Current assignments on iReport include "Everyday racism: Your stories," "Creative school uniform hacks," "Severe weather," and "African culture: Street art." It's like working for a school paper, only it's actually CNN! And it's working; in 2012, CNN announced that over one million people had signed up to iReport, and the year before, over 15,000 iReports were approved for use on CNN's properties. (Unapproved iReports sit in the iReport section of the app, with a big sticker that says they haven't been vetted. Approved iReports can be used on the TV station, website, and elsewhere.)
But it's also a sibling to Gawker Media's Kinja, which Gawker Media describes as a "publishing and discussion platform, a place where you and everyone else can talk to arrive at the ultimate truth." Kinja is not so different from Tumblr or Blogspot, except Gawker Media editors have the ability to promote your Kinja post to the front page of any of its highly-trafficked blogs like Gawker.com, Gizmodo, Deadspin, and io9. Why would you make a Kinja instead of a Tumblr? Because you might get promoted to the front page of a highly-trafficked blog! There's currency changing hands here, but it's not money: it's publicity.
Stringwire is a little bit different, but just as shrewd. It doesn't rely on users to take the initiative by reading the assignments and deciding that they can help out. Instead, it actually finds users and encourages them to begin shooting. It's essentially a streamlined version of the much-used reporter tactic: tweeting at someone by saying "Hi, I'm a reporter, do you have time to talk about whatever you just tweeted about?" Except Stringwire is designed to find people who are simply tweeting about an event of your choosing, and then message them with a link to the Stringwire service, which is a live video stream.
This is very, very smart, because it handles a few problems all in one fell swoop. You have to get on-the-ground photo/video content which is free (check, because it's user-generated), timely (check, because you're pulling potential photo/videographers from Twitter in real-time), and exclusive (check, because they weren't even taking photos or videos until you asked, and now they're doing it on a service over which you have complete control).
It's inherently flattering, especially if the name "Stringwire" gets changed to "iNBC" or something; imagine you're walking along the street and BOOM! a comet smashes to the ground in front of you. Here's your natural reaction: you pull out your phone and tweet "wtf a comet just crashed in front of me." Someone at NBC has an alert for "comet," and shoots you a message over Twitter: "Hey there, this is NBC News! Could you follow this link to livestream video footage of your amazing find, you amazing person, you?" "Oh, hell yes," you think. And then you do. And then NBC has exclusive, live footage of the comet.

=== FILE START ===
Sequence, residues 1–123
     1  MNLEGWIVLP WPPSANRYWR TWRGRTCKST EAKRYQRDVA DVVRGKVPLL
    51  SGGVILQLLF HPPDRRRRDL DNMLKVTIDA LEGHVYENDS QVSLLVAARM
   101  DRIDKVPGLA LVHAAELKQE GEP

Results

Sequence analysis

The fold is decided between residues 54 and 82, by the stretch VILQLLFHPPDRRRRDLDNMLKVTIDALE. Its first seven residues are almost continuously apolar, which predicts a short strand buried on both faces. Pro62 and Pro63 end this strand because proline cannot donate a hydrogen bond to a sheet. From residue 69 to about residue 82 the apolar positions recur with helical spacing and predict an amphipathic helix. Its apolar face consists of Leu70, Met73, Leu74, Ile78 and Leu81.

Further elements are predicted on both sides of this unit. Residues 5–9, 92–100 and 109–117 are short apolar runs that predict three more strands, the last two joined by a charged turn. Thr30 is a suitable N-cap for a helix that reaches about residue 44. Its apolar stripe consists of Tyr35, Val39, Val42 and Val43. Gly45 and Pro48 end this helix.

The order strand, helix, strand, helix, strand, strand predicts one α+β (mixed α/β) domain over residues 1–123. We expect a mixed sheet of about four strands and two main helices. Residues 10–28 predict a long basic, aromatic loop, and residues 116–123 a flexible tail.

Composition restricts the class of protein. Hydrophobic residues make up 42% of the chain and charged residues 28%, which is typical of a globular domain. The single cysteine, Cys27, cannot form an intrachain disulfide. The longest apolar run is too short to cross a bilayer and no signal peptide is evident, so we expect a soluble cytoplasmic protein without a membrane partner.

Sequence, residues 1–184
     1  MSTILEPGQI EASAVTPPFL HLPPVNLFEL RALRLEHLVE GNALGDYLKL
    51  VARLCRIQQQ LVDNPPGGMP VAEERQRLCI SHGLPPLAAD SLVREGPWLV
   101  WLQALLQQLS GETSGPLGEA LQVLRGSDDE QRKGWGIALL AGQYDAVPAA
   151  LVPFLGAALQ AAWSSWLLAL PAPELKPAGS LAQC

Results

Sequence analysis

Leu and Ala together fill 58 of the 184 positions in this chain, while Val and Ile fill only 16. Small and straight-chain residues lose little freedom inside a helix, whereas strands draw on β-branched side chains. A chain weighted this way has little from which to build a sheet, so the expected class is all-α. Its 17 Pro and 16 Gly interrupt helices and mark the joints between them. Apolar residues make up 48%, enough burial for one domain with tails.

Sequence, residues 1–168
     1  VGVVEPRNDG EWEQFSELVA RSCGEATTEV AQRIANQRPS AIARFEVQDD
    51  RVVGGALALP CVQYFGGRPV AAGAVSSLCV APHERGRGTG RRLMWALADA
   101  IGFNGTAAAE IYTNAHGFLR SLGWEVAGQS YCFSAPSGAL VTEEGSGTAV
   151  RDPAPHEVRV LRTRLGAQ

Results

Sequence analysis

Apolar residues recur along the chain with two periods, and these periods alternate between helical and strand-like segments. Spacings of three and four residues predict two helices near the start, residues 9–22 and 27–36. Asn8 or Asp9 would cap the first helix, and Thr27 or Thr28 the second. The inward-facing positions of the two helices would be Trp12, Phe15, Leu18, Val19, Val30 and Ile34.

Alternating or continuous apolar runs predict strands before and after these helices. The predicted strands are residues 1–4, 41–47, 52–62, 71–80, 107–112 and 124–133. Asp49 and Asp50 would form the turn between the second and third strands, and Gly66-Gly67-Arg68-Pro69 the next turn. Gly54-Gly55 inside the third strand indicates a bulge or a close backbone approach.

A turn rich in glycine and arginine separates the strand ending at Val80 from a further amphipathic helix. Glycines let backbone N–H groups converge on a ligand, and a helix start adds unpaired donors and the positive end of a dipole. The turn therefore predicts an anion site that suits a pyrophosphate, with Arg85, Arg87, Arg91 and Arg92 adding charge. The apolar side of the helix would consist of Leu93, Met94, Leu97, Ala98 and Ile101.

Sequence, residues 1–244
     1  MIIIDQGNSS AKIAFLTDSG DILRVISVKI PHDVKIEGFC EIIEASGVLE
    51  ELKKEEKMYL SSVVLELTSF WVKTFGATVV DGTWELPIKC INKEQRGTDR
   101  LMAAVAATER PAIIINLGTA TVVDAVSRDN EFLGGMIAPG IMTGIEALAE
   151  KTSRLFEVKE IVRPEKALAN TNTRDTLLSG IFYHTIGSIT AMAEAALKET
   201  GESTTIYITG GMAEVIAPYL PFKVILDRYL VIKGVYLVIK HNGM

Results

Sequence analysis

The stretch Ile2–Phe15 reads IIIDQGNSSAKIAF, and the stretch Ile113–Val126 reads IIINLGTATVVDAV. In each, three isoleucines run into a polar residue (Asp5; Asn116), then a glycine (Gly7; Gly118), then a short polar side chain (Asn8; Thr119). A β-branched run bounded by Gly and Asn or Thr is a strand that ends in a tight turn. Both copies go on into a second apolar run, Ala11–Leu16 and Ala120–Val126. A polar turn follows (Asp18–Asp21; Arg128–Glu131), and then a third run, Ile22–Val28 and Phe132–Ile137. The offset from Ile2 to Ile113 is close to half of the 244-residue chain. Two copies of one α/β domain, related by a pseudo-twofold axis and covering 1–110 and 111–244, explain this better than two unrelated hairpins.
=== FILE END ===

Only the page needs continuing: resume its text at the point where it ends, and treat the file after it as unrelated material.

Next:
There are all kinds of old media threads coming together in these user-generated content services. They supplement the tips line, they make up for what's sometimes seen as the expendable expense of photo/videographers, and they capitalize on the noble crowd-sourced mentality while serving the needs of both creator and publisher. The creator gets publicity and credit, the publisher gets free content. What it really is is the extension of the guest blogger platform used by the Huffington Post, Thought Catalog and many others: the idea that it's okay for publishers to not pay for content.
Really, this is an extension of the intern economy. Free content is a ticking timebomb; eventually, someone is going to start paying these people, because it's in everyone's best interest, in the long-term, to pay them. It's the same reason why you can't have an intern forever. If the intern is good enough, you've got to start paying up--not because it's morally right, though it is, but because if you don't, somebody else will. The giddy glee of instantly having your footage shown on CNN or NBC News will only last so long; by the 10th time, you're wondering why you aren't seeing a dime for your effort.
And that idea has consequences, whether it's the mass layoff of photojournalists--NBC told me that the acquisition "will have no effect on our photojournalism department," though I'd have been shocked if they'd said anything else--or the very real chance of completely false stories. Stringwire and the larger developments it signals aren't all good or all bad, partly because this is all temporary. This structure is delicate, relying as it does on the publicity and flattery economy--which will only last so long. Citizen photo/videojournalism isn't a silver bullet to media's woes, because, well, there isn't one. It's an off-brand Band-Aid, and soon it will fall off, and the media will need to find something else to cover its wounds.